As of February 2021, there is not one definitive guide on freelancers’ rates and project rates, and some guides available online are inconsistent or are out of date. However, the Oral History Society has a useful guide to typical day rates and costs for different types of oral history work, and Museum Freelance is aiming to develop additional guides in other types of freelance work.
As the Museum Freelance 2020 survey shows, there is a huge range of day rates charged by freelancers, depending on the type of work carried out and a range of other factors such as experience, niche, supply and demand, availability, location etc. The majority of day rates for freelancers in the sector tend to lie between £200-400.
Employed salaries cannot just be divided by the number of working days per year to get an equivalent freelance day rate. Freelancers also need to account for:
- costs incurred (e.g. insurance, equipment costs, professional memberships and services, travel, marketing, training and so on);
- tax and National Insurance;
- that they are not paid for days off or sick days;
- and that typically 20-40% of their time is not spent on fee-earning work (rather new business development, finance and accountancy, marketing, training, office admin, IT trouble-shooting etc.).
Therefore, lower day rates can end up equating to an actual hourly rate which is around (or even below) the Real Living Wage as set out by the Living Wage Foundation – despite some organisations mistakenly thinking they are healthy and fair. Low day rates also exacerbate the lack of diversity among freelancers in the sector.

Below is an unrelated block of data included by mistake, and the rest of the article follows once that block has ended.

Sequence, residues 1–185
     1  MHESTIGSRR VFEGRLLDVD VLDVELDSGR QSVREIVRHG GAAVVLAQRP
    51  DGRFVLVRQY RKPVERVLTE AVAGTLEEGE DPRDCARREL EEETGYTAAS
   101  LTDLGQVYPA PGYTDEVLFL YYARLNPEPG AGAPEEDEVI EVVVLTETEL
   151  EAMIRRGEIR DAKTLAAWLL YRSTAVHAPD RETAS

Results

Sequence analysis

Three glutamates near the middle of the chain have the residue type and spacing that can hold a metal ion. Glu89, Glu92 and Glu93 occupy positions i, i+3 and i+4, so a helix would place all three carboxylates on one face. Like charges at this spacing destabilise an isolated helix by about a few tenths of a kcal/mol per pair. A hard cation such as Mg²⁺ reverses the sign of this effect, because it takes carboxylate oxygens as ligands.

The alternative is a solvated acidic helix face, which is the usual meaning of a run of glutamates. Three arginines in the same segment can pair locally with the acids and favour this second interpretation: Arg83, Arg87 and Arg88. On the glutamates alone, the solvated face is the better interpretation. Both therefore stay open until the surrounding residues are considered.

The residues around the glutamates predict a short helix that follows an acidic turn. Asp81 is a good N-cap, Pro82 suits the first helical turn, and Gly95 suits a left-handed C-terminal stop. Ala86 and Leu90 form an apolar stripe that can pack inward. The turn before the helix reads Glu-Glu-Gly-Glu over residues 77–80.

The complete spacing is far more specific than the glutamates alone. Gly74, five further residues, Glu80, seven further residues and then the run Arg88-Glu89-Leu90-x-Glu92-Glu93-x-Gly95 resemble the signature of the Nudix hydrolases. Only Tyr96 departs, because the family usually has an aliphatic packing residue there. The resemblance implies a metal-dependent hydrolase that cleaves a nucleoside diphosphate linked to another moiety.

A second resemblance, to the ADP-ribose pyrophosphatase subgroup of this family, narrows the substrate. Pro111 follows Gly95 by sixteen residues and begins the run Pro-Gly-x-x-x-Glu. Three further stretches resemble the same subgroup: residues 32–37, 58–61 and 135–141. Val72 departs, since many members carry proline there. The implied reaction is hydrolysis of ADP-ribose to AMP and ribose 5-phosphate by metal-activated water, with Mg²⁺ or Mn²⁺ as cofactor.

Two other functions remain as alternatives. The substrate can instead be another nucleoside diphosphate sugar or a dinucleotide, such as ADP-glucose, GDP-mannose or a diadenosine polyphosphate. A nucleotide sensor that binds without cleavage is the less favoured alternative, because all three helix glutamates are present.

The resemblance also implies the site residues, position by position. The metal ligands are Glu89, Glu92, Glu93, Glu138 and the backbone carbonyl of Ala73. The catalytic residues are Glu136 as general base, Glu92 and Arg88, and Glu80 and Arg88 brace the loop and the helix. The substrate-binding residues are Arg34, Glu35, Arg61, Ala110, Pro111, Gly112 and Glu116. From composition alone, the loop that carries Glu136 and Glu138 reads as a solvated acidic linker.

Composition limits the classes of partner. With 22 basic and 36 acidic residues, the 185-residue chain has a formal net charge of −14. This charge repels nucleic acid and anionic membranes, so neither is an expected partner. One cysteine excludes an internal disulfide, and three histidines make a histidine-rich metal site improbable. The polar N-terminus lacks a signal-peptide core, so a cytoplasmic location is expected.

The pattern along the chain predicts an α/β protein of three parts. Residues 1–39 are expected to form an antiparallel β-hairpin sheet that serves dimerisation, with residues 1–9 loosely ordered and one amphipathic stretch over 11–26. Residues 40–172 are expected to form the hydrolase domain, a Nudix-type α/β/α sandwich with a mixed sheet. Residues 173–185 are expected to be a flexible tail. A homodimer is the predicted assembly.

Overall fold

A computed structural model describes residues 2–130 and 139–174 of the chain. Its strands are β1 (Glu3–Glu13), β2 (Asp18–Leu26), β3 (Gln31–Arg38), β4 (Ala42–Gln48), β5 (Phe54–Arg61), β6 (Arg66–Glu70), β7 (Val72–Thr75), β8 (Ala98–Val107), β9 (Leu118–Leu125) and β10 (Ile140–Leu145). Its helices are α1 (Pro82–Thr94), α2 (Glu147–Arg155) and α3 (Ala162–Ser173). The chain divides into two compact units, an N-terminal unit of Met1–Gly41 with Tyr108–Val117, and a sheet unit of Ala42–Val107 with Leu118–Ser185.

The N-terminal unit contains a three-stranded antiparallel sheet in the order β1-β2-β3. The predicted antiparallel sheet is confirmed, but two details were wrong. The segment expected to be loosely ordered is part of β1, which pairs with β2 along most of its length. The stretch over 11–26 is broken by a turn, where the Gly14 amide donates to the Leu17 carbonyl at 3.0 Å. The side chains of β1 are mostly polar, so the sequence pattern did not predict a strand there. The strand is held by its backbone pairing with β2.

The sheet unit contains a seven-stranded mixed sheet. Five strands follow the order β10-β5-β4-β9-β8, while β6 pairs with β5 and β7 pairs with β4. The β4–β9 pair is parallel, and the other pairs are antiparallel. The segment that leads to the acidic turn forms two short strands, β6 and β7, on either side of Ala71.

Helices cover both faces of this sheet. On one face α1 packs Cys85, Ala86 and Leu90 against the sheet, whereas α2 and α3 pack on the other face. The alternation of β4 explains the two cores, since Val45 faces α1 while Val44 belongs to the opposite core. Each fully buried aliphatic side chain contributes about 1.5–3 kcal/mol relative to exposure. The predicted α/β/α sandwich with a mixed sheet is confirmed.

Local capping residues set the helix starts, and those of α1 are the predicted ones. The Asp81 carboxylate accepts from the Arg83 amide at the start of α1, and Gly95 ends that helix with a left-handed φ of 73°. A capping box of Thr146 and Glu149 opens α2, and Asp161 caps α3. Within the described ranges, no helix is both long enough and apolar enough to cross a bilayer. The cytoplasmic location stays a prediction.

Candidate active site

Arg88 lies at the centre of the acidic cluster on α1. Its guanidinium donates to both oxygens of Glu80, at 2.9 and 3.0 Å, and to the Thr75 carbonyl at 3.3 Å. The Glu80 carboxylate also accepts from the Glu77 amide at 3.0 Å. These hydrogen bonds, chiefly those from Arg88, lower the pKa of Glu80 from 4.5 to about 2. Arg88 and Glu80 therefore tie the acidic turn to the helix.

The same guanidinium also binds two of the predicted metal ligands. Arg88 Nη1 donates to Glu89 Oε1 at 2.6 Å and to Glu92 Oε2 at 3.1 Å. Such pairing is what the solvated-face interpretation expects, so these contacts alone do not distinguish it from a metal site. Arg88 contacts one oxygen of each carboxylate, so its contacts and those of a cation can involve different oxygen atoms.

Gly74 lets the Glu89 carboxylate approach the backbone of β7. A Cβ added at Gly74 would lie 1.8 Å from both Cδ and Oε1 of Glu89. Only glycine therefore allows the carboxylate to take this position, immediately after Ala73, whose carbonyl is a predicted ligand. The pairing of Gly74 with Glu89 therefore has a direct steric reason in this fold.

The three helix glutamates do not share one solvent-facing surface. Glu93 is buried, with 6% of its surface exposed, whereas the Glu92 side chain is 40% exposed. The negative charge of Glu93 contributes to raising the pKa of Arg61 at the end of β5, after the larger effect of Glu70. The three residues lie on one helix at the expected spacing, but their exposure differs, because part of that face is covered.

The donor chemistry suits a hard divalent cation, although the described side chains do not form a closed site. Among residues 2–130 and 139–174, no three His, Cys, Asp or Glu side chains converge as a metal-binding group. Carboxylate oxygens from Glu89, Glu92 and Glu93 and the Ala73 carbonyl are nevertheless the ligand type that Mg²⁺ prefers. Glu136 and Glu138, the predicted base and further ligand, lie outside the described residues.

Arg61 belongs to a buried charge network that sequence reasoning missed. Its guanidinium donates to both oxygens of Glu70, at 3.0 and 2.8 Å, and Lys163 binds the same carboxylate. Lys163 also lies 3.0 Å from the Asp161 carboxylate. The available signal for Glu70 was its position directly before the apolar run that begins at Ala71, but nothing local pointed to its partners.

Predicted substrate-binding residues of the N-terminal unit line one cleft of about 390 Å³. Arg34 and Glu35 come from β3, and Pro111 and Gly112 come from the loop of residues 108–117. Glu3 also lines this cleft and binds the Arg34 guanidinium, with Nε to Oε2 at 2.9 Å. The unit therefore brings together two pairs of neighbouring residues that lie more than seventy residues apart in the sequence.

What does a ‘good’ brief look like?
A good brief provides clarity for both parties, and gives you the greatest chance of having a wide, high quality pool of freelancers to choose from.
A ‘good’ brief includes:
- Clarity on what work is required – what deliverables and/or outcomes are needed;
- Sufficient detail to allow freelancers to understand the scope of the work, without being too prescriptive;
- Clear and adequate timescales both for the work and the tendering process;
- Realism in terms of what can be achieved within the budget, timescales and other constraints;
- A disclosed and appropriate budget;
- Transparency on shortlisting and appointment criteria;
An element of you ‘selling’ the work – freelancers should want to apply and win the work.
Key features of an effective brief:
Below is a suggested list of what to include in an effective brief, with some examples of what to include under each section.
At each stage consider how you can make the brief as fair, inclusive and transparent as possible, for example:
– Ensure you are not expecting freelancers to provide something for free as part of their application, which you should in fact pay for;
– Freelance briefs should have a clear closing date, which you adhere to;
– Only ask for particular qualifications or professional memberships if a project requires it, and if so, give freelancers the opportunity to demonstrate equivalent experience instead;
– Be open to case studies and references from employed positions, not just freelance work;
– Include the budget for the project, or at least a budget range or maximum in your brief;
– Be clear on what you’re looking for and your selection criteria.
Sections of a brief to consider:
|An introduction to the project and brief. You could include key information at-a-glance, for example what the work is, timescales and budget.